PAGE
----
“You Could Actually Put It on Your Nachos”: Former Top Border Patrol Official Defends Tear Gas

“It’s natural.”

Migrant caravan from camp Centro Deportivo Benito Juarez marches to the Tijuana-San Diego border on November 25, 2018. They were met by a line of Mexican police in riot gear at the bridge but managed to run past them, climbing up steep walls, crossing the Rio Tijuana and difficult terrain, reaching the border but were met at times by tear gas from U.S. agents when they tried to climb over fence and were pleading to be let in. Carol Guzy/ZUMA

For indispensable reporting on the coronavirus crisis, the election, and more, subscribe to the Mother Jones Daily newsletter.

On Sunday, US authorities fired tear gas onto hundreds of migrants attempting to enter the United States, a chaotic scene that left scores of mothers and small children choking as they were violently pushed back from the US-Mexico border. 

“I felt that my face was burning, and my baby fainted,” Cindy Milla, one of the migrants whom agents shot at on Sunday, told the Wall Street Journal. “I ran for my life and that of my children.”  

But Milla’s account, one of the many harrowing stories that emerged as lawmakers and human rights advocates condemned the use of tear gas by Border Patrol agents, would apparently be news to Ron Colburn, the former deputy chief of US Border Patrol. Colburn, now the president of the Border Patrol Foundation, a group that honors the memory of fallen agents, appeared on Fox News Monday morning to defend the agents’ actions. He also claimed that the contents of tear gas were “natural” and safe for consumption.

“Absolutely,” Colburn responded when asked if the use of tear gas was warranted. “To clarify: The type of deterrent being used is OC pepper spray. It’s literally water, pepper, with a small amount of alcohol for evaporation purposes.”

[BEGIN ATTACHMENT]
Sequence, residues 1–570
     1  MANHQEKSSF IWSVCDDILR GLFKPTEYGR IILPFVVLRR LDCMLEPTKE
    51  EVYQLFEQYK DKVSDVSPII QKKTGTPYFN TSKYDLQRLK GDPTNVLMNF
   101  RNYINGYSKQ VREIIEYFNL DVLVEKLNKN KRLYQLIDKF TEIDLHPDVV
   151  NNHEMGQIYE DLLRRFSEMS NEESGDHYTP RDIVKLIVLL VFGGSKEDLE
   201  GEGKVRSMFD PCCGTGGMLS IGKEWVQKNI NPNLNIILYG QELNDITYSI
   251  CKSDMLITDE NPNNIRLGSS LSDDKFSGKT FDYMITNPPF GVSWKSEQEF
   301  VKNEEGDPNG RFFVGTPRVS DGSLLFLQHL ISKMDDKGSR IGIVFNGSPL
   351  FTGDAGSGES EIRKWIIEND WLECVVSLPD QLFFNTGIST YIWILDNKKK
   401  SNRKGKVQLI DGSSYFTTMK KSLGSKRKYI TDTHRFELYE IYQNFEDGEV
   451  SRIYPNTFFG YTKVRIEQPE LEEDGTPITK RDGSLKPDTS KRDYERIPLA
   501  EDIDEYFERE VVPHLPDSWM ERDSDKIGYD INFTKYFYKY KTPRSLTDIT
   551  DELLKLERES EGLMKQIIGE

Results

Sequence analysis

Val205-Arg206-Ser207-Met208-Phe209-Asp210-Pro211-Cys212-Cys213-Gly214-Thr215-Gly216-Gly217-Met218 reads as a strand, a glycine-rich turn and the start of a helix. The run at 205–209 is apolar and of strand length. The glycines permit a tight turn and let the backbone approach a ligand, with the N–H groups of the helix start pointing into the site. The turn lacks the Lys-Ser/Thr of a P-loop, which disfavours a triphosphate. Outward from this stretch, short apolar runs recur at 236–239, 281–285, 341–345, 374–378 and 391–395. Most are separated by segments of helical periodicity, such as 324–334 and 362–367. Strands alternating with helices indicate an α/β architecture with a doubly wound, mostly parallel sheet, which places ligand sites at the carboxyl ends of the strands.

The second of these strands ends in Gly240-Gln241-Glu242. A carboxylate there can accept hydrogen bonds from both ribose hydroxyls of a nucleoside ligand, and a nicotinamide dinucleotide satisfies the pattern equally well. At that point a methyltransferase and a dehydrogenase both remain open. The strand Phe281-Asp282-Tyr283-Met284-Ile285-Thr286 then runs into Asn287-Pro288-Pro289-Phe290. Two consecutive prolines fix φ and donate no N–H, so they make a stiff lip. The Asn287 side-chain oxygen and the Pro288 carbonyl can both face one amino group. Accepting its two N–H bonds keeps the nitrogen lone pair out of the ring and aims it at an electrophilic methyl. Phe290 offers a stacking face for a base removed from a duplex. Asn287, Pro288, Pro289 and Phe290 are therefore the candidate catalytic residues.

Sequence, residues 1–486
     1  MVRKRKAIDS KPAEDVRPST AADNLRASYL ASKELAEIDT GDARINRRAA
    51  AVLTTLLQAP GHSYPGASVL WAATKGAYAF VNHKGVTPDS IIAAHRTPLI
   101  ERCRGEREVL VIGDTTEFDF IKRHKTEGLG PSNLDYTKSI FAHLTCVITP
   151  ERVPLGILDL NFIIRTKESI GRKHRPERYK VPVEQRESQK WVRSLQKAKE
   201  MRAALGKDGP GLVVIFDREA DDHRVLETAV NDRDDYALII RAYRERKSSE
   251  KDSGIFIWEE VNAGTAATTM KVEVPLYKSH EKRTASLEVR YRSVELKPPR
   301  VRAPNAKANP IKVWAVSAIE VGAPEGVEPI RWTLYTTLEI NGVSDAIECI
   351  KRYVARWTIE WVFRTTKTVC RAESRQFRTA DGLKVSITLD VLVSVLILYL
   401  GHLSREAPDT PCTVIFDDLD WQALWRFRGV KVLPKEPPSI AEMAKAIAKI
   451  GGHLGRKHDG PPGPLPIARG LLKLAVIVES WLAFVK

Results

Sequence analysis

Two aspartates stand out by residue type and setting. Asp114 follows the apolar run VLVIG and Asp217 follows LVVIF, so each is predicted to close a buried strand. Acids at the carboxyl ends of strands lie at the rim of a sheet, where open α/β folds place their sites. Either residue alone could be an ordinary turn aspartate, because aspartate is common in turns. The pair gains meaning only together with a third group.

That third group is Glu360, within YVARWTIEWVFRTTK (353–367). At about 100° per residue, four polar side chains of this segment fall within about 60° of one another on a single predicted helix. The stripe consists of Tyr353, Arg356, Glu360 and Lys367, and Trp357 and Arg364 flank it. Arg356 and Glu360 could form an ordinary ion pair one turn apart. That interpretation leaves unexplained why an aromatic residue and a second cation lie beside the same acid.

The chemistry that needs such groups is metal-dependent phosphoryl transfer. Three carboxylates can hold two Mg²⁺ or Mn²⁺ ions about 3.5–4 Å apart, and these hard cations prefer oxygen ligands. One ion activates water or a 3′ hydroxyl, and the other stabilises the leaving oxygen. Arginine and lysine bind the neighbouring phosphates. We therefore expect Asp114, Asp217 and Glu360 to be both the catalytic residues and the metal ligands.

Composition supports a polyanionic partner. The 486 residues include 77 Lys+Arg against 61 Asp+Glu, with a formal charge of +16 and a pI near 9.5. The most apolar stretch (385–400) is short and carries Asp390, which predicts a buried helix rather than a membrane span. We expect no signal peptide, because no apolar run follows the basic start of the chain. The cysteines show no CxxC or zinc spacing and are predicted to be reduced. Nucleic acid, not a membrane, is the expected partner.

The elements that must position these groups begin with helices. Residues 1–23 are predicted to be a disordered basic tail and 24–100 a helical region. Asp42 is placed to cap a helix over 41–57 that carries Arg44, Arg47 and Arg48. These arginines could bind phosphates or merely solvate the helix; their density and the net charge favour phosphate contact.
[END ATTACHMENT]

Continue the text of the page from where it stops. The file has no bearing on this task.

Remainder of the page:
He continued, “It’s natural. You can actually put it on your nachos and eat it. So, it’s a good way of deterring people without long-term harm.”

Colburn’s appearance came hours after Homeland Security Secretary Kirstjen Nielsen appeared to blame the “lawlessness” of migrants for forcing agents to use tear gas on them.

Dear Reader,

This feels like the most important fundraising drive since I've been CEO of Mother Jones, with staggeringly high stakes and so much uncertainty. In "News Is Just Like Waste Management," I try to unpack the reality we all face and how we can rise to the challenge. If you're able to, this is a critical moment to support Mother Jones’ nonprofit journalism: We need to raise $400,000 to help cover the vital reporting projects we have planned, and right now is no time to pull back.

Monika Bauerlein, CEO, Mother Jones

Dear Reader,

This feels like the most important fundraising drive since I've been CEO of Mother Jones, with staggeringly high stakes and so much uncertainty. In "News Is Just Like Waste Management," I try to unpack the reality we all face and how we can rise to the challenge. If you're able to, this is a critical moment to support Mother Jones’ nonprofit journalism: We need to raise $400,000 to help cover the vital reporting projects we have planned, and right now is no time to pull back.

Monika Bauerlein, CEO, Mother Jones

We Recommend

Latest

Sign up for our free newsletter

Subscribe to the Mother Jones Daily to have our top stories delivered directly to your inbox.

Get our award-winning magazine

Save big on a full year of investigations, ideas, and insights.

Subscribe

Support our journalism

Help Mother Jones' reporters dig deep with a tax-deductible donation.

Donate